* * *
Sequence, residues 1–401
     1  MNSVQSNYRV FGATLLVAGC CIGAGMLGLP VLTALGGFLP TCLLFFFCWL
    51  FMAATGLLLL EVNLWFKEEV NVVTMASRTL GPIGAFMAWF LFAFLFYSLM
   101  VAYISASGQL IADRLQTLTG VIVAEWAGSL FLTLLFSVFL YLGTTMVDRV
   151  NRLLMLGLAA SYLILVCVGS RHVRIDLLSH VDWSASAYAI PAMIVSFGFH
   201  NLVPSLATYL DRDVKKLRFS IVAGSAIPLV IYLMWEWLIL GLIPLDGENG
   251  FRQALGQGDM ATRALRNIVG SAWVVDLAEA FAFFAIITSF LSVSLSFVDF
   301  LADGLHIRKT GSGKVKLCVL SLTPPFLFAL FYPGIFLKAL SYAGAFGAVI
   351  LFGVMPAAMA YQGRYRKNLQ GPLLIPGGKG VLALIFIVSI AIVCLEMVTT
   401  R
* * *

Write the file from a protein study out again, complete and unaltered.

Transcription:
Sequence, residues 1–401
     1  MNSVQSNYRV FGATLLVAGC CIGAGMLGLP VLTALGGFLP TCLLFFFCWL
    51  FMAATGLLLL EVNLWFKEEV NVVTMASRTL GPIGAFMAWF LFAFLFYSLM
   101  VAYISASGQL IADRLQTLTG VIVAEWAGSL FLTLLFSVFL YLGTTMVDRV
   151  NRLLMLGLAA SYLILVCVGS RHVRIDLLSH VDWSASAYAI PAMIVSFGFH
   201  NLVPSLATYL DRDVKKLRFS IVAGSAIPLV IYLMWEWLIL GLIPLDGENG
   251  FRQALGQGDM ATRALRNIVG SAWVVDLAEA FAFFAIITSF LSVSLSFVDF
   301  LADGLHIRKT GSGKVKLCVL SLTPPFLFAL FYPGIFLKAL SYAGAFGAVI
   351  LFGVMPAAMA YQGRYRKNLQ GPLLIPGGKG VLALIFIVSI AIVCLEMVTT
   401  R